Social engineering is the art of manipulating people into performing actions or divulging confidential information. While similar to a confidence trick or simple fraud, the term typically applies to trickery for information gathering or computer system access and in most cases the attacker never comes face-to-face with the victim.


Post by limdis on Wed Oct 19, 2011 3:00 pm
([msg=62440]see "Smishing"[/msg])

I'm not a fan of the coined term. But if you don't know what this is, you should for your own protection.

USA Today article from today.
http://www.usatoday.com/tech/news/story ... 50817688/1

I first got one of these calls back in 2006. It is fairly common. But most of the time they are not specific to the bank, they are broad to get you to input your information for them to narrow it down. For example, I received a call onetime that told me that some accounts at "my bank" had been compromised due to a scam and some debit/credit card numbers with their pins had been copied. For immediate protection a phone notification system had been put in place to call all account holders to reset their pins over the phone. All we needed do was "verify" we were the card holders by putting in our card number, pin, 3 digit card security code and our SSN.... Just like the guy in the article I freaked a little at first but hung up to call my bank directly, at which point they told me it was most likely a scam because none of that was true.

If you feel you are being targeting, here are some red flags for this sort of attack:
Unknown or strange number (ex: 000-000-1234).
If they call every day (even after you hang up on them) or several times a day.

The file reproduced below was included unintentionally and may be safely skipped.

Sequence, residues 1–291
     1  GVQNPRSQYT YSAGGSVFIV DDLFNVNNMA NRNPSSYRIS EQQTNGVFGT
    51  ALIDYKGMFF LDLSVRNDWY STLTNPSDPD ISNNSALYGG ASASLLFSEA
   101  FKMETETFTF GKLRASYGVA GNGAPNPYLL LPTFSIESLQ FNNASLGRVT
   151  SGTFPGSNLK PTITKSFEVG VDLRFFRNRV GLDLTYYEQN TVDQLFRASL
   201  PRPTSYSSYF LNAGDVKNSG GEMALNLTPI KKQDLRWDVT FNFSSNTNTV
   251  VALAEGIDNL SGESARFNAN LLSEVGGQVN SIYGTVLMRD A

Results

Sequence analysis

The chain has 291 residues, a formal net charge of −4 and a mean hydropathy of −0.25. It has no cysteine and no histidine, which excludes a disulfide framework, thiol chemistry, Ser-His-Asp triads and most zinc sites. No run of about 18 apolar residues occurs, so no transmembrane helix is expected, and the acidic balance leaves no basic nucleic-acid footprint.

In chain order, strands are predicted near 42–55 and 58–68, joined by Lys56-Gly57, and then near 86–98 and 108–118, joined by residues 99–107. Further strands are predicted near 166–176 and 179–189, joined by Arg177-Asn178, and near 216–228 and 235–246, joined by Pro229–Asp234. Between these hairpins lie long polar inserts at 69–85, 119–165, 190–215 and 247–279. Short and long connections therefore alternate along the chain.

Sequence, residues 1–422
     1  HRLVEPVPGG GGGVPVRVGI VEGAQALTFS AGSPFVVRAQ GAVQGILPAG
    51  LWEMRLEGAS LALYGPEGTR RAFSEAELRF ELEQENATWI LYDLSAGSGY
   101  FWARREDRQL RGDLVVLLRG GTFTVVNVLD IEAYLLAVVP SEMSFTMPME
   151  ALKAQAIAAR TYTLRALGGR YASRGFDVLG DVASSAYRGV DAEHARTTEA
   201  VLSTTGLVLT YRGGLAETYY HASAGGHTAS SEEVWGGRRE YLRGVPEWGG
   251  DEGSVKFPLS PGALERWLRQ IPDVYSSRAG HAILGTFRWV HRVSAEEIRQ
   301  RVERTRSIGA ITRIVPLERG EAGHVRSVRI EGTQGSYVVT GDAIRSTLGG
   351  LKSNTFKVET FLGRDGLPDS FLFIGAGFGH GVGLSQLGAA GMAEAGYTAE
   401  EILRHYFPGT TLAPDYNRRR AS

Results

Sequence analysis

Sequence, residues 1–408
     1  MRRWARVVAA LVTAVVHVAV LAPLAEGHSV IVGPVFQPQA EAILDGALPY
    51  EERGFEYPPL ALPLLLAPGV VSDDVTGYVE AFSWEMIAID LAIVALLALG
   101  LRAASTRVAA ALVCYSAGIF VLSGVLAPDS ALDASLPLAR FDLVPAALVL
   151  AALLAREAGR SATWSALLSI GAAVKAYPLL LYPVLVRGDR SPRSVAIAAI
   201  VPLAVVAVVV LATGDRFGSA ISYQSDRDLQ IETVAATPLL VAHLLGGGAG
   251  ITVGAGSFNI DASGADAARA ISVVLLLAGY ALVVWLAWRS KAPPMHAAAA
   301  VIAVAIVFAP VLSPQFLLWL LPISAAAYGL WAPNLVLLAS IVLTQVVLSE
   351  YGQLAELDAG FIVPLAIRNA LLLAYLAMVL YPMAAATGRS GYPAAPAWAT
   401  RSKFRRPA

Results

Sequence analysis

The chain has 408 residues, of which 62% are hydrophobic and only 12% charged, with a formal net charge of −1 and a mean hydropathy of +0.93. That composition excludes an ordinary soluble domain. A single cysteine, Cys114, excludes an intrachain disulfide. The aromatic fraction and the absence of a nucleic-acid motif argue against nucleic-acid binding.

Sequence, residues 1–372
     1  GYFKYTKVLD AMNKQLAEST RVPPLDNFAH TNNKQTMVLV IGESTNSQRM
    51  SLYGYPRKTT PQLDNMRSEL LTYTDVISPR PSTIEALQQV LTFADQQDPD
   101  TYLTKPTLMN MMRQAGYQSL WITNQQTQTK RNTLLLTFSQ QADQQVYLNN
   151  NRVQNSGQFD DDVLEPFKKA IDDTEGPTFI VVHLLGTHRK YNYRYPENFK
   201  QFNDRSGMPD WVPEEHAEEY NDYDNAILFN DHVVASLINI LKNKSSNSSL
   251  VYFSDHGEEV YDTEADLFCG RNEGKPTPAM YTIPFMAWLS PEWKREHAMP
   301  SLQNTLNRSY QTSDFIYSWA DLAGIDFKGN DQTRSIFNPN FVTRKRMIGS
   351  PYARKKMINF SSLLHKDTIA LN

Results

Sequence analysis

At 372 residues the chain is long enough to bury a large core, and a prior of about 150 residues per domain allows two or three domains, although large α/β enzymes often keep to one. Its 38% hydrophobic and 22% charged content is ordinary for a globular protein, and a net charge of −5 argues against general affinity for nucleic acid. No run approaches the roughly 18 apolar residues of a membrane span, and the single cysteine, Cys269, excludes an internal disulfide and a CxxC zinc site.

If they never mention YOU or your bank by name. If it was real they would have that information.
If you are speaking to a machine.
If you are speaking to an individual and they cannot pull up your account right away due to the computer freezing.

If you are in doubt and receive a call of this nature, simply hang up and call your bank (or credit card provider) directly.
"The quieter you become, the more you are able to hear..."
"Drink all the booze, hack all the things."
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Re: "Smishing"

Post by Veos on Wed Oct 19, 2011 3:20 pm
([msg=62443]see Re: "Smishing"[/msg])

Good info :)
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Re: "Smishing"

Post by hellow533 on Wed Oct 19, 2011 3:20 pm
([msg=62444]see Re: "Smishing"[/msg])

Lol I actually received a call something like this today.

It started as: "You have failed to pay your credit card (my age: 16, no credit card anyways) payments. We have sent multiple courtesy notifications to your address but none have been answered." *They didn't* Then it went on as: "This is your last chance to receive up to 6% on your car payments and mortgage. *bullshit* If you are over $3,000 in dept, you may qualify for" *I hung up at this point*

They act like it's something important to get you listening, then throw their bullshit at you like you would still believe this is because you didn't pay your bills.
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Re: "Smishing"

Post by VPR3 on Wed Oct 19, 2011 7:32 pm
([msg=62454]see Re: "Smishing"[/msg])

Heres what I do:

If a name or number is strange, I won't talk to you.
If called again I promise to blow your f#@kn head off. Or retaliate.
If you are speaking to a machine? You need therapy......

Oh yeah, be selective about who you do business with.
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Re: "Smishing"

Post by mShred on Wed Oct 19, 2011 8:19 pm
([msg=62462]see Re: "Smishing"[/msg])

Its weird that you say that.. Something similar to the scam you described limdis has actually happened in the city I live in. People have gotten ahold of credit card numbers and sold card copies to people around the world. At first, I immediately assumed it was a scam. But when I went to my bank, they informed me of the incident, and I changed everything directy through them.
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